Multiple organizations compile statistics and create ratings on various hospital quality indicators, including:
- Medicare (medicare.gov/hospitalcompare)
- The Joint Commission (qualitycheck.org)
- The Leapfrog Group (leapfroggroup.org)
2. Find specialists who know how to treat aging patients
Many hospitals have specialized “acute care for elders” inpatient units, and there is a growing number of certified geriatric emergency departments across the country; to find one near you, visit acep.org/geda. The Institute for Healthcare Improvement recognizes 450 “age-friendly health systems” on its website.
3. Don't just think over and out
It may feel like a win if your loved one is discharged from the ER on the same day, but often it's not — especially if this is a return trip. Instead of declaring the case closed, make a follow-up doctor visit shortly after the ER episode. If things don't check out well, push hard for a hospital admission or for an aggressive, rapidly initiated outpatient care plan.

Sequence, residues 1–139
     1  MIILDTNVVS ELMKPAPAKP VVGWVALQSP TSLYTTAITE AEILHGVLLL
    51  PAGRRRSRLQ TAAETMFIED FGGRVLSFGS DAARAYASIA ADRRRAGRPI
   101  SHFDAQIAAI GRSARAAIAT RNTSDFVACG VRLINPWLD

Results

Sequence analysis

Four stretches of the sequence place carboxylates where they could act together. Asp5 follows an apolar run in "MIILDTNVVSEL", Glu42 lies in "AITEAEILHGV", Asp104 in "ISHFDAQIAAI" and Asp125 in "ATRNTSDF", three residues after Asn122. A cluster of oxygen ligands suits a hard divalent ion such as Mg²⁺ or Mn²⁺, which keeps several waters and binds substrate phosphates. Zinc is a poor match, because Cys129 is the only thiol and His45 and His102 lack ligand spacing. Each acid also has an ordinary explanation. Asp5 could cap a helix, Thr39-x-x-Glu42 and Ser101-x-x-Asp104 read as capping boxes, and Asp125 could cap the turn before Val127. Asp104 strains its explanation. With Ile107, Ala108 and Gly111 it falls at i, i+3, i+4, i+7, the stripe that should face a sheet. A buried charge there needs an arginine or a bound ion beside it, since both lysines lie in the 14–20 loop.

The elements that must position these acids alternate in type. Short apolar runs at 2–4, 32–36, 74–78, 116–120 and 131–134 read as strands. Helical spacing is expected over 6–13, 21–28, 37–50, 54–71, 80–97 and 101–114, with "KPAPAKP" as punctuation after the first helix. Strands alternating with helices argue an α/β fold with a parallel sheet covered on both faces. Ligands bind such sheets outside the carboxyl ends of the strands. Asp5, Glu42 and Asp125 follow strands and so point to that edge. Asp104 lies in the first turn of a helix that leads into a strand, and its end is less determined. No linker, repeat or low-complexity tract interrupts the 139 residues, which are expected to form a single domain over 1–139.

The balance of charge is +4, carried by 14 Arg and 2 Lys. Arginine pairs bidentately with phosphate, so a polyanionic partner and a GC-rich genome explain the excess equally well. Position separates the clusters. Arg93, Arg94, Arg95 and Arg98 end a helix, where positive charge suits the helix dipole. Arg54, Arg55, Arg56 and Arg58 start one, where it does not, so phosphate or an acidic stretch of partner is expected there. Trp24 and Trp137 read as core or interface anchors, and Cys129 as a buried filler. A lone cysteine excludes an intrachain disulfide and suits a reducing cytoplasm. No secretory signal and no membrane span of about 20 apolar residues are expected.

This is an important step in shielding your loved one from further complications. One study found that half of Medicare patients needing rehospitalization within 30 days had not seen a physician in the interim. But you may have to push: Medicare targets and fines hospitals for readmissions within 30 days, which means providers are often resistant to readmitting patients. Question your doctor thoroughly before letting your loved one return home.
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4. Anticipate a long-term impact